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By Davis Nicholas
I’m from Michigan, the land of General Motors. I grew up along I-75, right between Saginaw and Flint, where more families than not were part of and were proud of their work for GM. They made things. They were independent. They were able to provide for their families and feel good about themselves because they were contributing to something big.
My uncles were GM, and they were UAW. They never stopped talking about the importance of the union, and how it helped protect the working class. My family was far from affluent, and not too many generations ago struggled to make their way in parts of Europe before coming to America. Like many, they were drawn to America and its promise of a bigger, better life with more opportunity… if you were willing to work for it. My family was willing to work for it. We still are.
I’ve been working for it my whole life. I grew up near Flint, a place that brings a lot of images to mind. At the beginning of my life, the gears were still turning, contributions were being made to the world and people were able to put in an honest day’s work for an honest day’s pay. It wasn’t easy. It was never easy. It was an opportunity to do for yourself, if you were willing to put in the work. Today, Flint is a ghost town. It is inhabited by not only the ghosts of times past, but by the shells of current residents who are left wandering the broken streets, wondering where their jobs, opportunities and hopes have gone.
We live in a state and in a country where we still carry a lot of pride. We know that times are tough, and we are going through a transition period financially and industrially, but we have hope. We are all built on the back bone of an idea that if we simply apply ourselves, put in the time and effort, that we can somehow persevere. That is what made us great in the past, and what can hopefully make us great again in the future.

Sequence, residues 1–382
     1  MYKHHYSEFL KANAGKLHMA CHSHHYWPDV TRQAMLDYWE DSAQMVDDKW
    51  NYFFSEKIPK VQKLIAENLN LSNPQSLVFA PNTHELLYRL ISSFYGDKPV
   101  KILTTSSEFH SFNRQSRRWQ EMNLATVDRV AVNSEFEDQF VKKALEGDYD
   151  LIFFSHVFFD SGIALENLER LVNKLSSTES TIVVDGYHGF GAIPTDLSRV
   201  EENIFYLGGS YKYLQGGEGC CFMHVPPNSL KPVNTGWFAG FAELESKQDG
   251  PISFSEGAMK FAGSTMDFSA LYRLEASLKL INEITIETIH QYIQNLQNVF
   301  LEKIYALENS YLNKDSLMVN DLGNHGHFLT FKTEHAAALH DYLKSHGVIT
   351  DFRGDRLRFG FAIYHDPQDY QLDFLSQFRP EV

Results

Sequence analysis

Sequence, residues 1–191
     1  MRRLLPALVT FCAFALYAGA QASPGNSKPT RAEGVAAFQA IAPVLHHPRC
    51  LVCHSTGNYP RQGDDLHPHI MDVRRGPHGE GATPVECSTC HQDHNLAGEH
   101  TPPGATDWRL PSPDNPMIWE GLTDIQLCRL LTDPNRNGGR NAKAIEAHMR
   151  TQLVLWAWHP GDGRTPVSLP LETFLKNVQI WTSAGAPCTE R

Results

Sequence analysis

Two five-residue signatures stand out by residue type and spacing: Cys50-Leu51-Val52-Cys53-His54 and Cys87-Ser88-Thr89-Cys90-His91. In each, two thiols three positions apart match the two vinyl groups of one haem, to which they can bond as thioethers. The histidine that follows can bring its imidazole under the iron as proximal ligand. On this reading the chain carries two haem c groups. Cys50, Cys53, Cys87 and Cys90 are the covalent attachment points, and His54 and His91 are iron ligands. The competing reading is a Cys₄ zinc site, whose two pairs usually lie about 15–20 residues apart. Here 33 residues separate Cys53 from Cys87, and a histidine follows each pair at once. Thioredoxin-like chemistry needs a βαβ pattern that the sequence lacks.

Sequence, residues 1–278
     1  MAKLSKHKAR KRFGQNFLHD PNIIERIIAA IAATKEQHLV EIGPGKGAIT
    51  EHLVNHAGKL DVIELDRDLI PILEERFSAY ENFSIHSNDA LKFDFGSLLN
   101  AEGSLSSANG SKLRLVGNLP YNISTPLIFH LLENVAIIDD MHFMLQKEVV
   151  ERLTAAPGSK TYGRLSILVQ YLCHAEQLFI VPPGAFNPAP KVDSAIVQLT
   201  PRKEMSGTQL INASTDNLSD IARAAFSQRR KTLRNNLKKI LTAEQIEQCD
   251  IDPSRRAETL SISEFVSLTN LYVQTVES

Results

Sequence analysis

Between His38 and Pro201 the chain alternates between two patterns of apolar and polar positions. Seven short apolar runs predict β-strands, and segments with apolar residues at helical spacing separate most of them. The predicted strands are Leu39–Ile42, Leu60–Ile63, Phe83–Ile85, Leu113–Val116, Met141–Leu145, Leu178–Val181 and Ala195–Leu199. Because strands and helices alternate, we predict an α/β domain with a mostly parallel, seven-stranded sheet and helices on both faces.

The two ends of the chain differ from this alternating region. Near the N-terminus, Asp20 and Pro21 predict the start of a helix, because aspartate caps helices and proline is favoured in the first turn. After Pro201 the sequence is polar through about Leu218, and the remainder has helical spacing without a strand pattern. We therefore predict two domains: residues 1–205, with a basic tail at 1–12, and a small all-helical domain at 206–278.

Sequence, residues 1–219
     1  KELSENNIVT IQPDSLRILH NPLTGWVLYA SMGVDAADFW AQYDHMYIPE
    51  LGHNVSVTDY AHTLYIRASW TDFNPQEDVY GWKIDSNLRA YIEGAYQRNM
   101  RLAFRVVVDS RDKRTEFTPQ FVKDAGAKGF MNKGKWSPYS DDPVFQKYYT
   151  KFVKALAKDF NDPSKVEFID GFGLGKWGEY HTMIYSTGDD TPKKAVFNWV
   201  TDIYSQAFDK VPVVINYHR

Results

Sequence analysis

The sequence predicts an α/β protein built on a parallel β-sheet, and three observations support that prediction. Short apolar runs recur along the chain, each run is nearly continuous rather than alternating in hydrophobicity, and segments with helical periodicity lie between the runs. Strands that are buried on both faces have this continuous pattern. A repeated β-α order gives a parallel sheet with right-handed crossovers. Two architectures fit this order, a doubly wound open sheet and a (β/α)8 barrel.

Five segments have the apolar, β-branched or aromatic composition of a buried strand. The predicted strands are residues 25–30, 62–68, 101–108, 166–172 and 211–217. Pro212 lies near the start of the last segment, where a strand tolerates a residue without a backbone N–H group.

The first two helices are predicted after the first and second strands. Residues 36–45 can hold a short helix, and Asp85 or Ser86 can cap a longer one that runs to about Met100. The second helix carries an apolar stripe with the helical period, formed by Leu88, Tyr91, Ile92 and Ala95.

I am willing to put in the work. I left my home off of I-75, nestled in between Flint and Saginaw, to attend college. I put in the work. I got my degree in psychology. I got my job working with special-needs students in Kalamazoo, providing services for a free public school for children with Autism Spectrum Disorder. I went to graduate school and became a mental health clinician. I learned to work with people with substance abuse disorders. I’ve been sweating to help my fellow Michiganders have more quality in their lives for over 15 years.
I put in the work.
I was fired from my job. I was fired, and not because I didn’t show up, or because I wasn’t good, or because I had a bad attitude. I was fired because I am transgender, and I felt the need to be honest about my life. I wanted to live with honesty and integrity and to feel good about myself as I continued to put in the work to touch and enrich other’s lives in our struggling part of the world.
I am from here. I am you. It is 2014, and as of today, there are no civil rights protections for me in this state because I identify as transgender. I can and have been fired without just cause. I am currently not allowed to use a staff restroom at my place of employment. I cannot get married. Try to remember all the pictures you saw of those young people trying to go to school in the south in the 1960s, with angry mobs screaming at them and trying to prevent them from entering because of race. They had separate bathrooms, separate schools, different drinking fountains… and as a society we changed. It is 2014 and those things are still happening, and they happen to me and people like myself who identify as transgender every day.
This state and this country were built on the notion that we need to put in the work to succeed. We have always worked together to form the fabric of a rich, diverse, powerful fabric of society that has been able to withstand so much specifically because of our unique differences and our abilities to look past them to work together for a common goal. It is 2014, and when it comes down to it, not that much has changed.
We want happiness. We want love. We want to provide for us and ours. We don’t need handouts, but we want opportunity. There are many among us who are being prevented from reaching for that dream and not because they don’t want to work for it. We want what you want. We are the same.